West J Med. 1992 Sep; 157(3): 310-5.
Use of traditional and modern health services by Laotian refugees.
Regional Medical Education Center, Veterans Affairs (VA) Medical Center, Long Beach, San Francisco, CA.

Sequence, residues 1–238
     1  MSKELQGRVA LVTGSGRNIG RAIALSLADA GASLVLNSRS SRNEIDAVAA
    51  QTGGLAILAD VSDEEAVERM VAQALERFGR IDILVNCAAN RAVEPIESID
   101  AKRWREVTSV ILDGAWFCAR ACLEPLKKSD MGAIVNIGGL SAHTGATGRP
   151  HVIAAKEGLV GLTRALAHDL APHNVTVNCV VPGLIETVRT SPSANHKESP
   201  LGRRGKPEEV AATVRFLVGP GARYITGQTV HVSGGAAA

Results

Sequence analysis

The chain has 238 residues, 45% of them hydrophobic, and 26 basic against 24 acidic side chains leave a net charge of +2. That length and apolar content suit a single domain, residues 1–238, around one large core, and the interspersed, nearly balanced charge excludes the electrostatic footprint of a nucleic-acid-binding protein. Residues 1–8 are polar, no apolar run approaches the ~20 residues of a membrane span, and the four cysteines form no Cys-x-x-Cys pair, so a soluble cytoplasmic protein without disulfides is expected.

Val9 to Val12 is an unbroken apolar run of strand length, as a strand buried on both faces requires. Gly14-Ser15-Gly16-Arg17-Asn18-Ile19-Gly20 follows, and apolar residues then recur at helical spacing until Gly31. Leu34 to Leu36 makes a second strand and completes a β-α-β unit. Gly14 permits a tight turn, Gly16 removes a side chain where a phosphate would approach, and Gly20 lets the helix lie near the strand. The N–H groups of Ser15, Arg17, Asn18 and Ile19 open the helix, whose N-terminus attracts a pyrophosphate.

Although refugee health care emerged as a special interest in the United States following the influx of almost a million Southeast Asians since 1975, few studies have been done of the influence of refugee traditions on the use of Western medical services. The illness patterns, medical beliefs, and health care behavior of a Southeast Asian refugee group, the Mien from Laos are described in this study. A cohort of 119 Mien refugees living in Richmond, California, was observed for a 6-month period. In-home interviews were undertaken about all episodes of ill health, including treatment and health care decisions. This study shows that the Mien integrate traditional healing beliefs and practices with the use of American health services. Such findings are important because the increasing cultural diversity in the United States, particularly in Western states, necessitates that health care professionals understand the importance of cultural factors for access to and the use of health care by all patients including refugees and other immigrant groups.